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What happened

On 19 September 2017, the pilot of a Cessna C208 aircraft, registered VH-SJJ, was operating from Toowoomba, Queensland to Ballina, New South Wales (NSW) then onwards to Nambucca Heads, NSW. The C208 pilot landed at Ballina Byron Gateway Airport (YBNA) and was clear of the runway at 1055 Eastern Standard Time (EST). Two Robinson R22 helicopters were also operating at YBNA at this time.

YBNA is a certified, non-controlled aerodrome utilising Common Traffic Advisory Frequency (CTAF) procedures[1]. A Certified Air/Ground Radio Service Operator (CA/GRO)[2] had been on duty since around 1030.

At 1104, the C208 pilot transmitted to the Brisbane Centre Air Traffic Control, announcing his intention to taxi to the runway for departure. Brisbane Centre advised that traffic was an inbound Airbus A320 aircraft due at YBNA at 1109 with additional VFR traffic[3] in the circuit. The C208 pilot responded: ‘copied the inbound Airbus and helicopters in the circuit.’

At about the same time, one of the R22s, registered VH-JKH (JKH), was operating clear of the runway strip in an area known as the southern grass (Figure 1). The other R22, registered VH-MFH (MFH), was being used for circuit training on runway 06 with approach and landing to a point about two thirds along the runway. At 1105, the instructor in MFH broadcast on the CTAF that they were on a left base for runway 06 to the runway.

At 1106:24, the C208 pilot broadcast on the CTAF that they were taxiing for departure on runway 06. The CA/GRO acknowledged that the C208 pilot already had traffic information on the inbound Airbus and advised, ‘…on your right hand side there is helicopter JKH, also…’ and following a four-second pause, ‘…conducting operations runway 06, helicopter MFH’. At 1106:55, the C208 pilot responded ‘thanks for that and SJJ is entering and rolling runway 06’.

At this time, MFH was on short final for runway 06 at approximately 200 ft above the runway and approaching a point that was about two thirds of the way along runway 06. The instructor realised that the C208 was departing and transmitted that MFH was ‘runway 06 for the runway’. That call partly over-transmitted on the C208 pilot’s response to the CA/GRO. The instructor took control of the helicopter and vacated the runway to the north followed by a call to advise their location at the ‘northern grass.’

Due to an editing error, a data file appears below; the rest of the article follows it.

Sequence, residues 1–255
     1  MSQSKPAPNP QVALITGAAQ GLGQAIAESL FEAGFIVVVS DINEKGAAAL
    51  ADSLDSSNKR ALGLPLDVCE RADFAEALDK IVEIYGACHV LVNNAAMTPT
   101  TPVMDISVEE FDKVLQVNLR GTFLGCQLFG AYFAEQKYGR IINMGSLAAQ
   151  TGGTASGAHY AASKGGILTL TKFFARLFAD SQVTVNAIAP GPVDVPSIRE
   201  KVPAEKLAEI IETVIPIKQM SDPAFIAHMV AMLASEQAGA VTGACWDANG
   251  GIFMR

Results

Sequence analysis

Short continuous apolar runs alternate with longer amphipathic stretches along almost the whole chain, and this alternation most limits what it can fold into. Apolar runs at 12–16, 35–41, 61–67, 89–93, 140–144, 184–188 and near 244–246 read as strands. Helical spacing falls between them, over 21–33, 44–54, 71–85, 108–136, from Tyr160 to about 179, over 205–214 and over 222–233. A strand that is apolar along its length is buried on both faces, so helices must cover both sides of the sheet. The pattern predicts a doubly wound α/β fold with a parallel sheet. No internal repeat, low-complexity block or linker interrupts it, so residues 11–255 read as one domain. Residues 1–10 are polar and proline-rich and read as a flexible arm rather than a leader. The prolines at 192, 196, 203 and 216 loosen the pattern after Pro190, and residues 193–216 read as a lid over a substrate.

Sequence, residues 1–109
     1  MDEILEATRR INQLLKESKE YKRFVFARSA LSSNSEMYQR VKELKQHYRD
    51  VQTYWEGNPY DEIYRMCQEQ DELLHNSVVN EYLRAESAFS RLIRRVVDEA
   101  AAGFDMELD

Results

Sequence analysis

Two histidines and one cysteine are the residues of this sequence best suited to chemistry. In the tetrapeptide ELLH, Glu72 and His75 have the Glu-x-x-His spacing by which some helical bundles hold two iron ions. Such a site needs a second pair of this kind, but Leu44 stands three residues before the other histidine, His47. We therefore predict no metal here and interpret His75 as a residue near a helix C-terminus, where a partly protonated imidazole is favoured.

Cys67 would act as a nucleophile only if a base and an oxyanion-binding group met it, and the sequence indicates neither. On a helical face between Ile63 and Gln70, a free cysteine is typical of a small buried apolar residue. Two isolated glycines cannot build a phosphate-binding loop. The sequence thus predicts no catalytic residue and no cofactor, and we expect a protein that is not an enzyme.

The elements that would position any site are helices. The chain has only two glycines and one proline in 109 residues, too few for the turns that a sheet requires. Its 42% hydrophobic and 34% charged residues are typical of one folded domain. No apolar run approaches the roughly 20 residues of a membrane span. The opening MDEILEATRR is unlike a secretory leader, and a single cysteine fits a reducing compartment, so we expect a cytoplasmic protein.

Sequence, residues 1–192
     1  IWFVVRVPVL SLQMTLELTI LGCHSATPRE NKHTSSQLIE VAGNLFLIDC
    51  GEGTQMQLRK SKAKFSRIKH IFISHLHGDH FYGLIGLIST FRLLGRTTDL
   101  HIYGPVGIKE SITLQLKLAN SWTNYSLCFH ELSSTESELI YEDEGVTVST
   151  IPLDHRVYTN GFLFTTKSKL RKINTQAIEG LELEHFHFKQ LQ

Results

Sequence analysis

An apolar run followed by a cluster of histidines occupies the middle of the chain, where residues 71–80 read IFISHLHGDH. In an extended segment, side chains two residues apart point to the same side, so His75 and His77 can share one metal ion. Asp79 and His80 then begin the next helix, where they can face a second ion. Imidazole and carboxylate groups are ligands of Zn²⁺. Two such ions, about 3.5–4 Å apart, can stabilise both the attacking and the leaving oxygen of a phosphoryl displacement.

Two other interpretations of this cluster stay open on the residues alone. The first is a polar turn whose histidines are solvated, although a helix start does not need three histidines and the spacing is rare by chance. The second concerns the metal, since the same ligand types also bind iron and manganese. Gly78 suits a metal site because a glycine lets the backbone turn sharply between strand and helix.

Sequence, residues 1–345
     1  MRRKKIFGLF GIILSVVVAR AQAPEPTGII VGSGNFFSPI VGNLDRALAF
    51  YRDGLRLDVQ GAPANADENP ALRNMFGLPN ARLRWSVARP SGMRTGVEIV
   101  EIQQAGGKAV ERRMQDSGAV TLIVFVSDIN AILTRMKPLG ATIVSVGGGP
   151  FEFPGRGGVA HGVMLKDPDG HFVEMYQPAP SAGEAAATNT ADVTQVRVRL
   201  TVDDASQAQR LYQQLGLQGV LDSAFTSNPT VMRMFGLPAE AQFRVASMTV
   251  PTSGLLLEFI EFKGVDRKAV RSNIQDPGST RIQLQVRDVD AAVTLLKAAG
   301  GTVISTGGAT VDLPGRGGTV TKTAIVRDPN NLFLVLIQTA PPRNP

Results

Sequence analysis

The C208 pilot continued the take-off and departure to Nambucca Heads.

Figure 1: Approximate location of aircraft when the C208 pilot called entering and rolling

Figure 1: Approximate location of aircraft when the C208 pilot called entering and rolling. Source: Google Earth, annotated by the ATSB

Source: Google Earth, annotated by the ATSB

Operational aspects

Certified Air/Ground Radio Service (CA/GRS)

A CA/GRS is an aerodrome radio information service providing traffic, weather and other operational information to all pilots. Its primary purpose is to enhance the safety of air transport operations by the provision of relevant traffic information. A CA/GRO is to maintain a vigilant watch on the changing positions of aircraft so that relevant traffic information can be provided. When the CA/GRS is operating, pilot procedures are unchanged from the standard non-controlled aerodrome operating and communication procedures.

In this case, the CA/GRO immediately responded to the C208 pilot‘s taxi broadcast but the traffic advice was broken by a four-second pause. He recalled that he hesitated as he attempted to relocate MFH in the circuit area to provide a specific position. The CA/GRO had lost sight of MFH after it turned onto the final approach due to the eaves of the cabin partially obscuring his view, requiring him to move from his desk to the cabin window. The CA/GRO was still able to advise that MFH was conducting operations to runway 06. The CA/GRO sighted MFH as it vacated the runway, which was moments after the C208 pilot called ‘entering and rolling’.

C208 pilot comments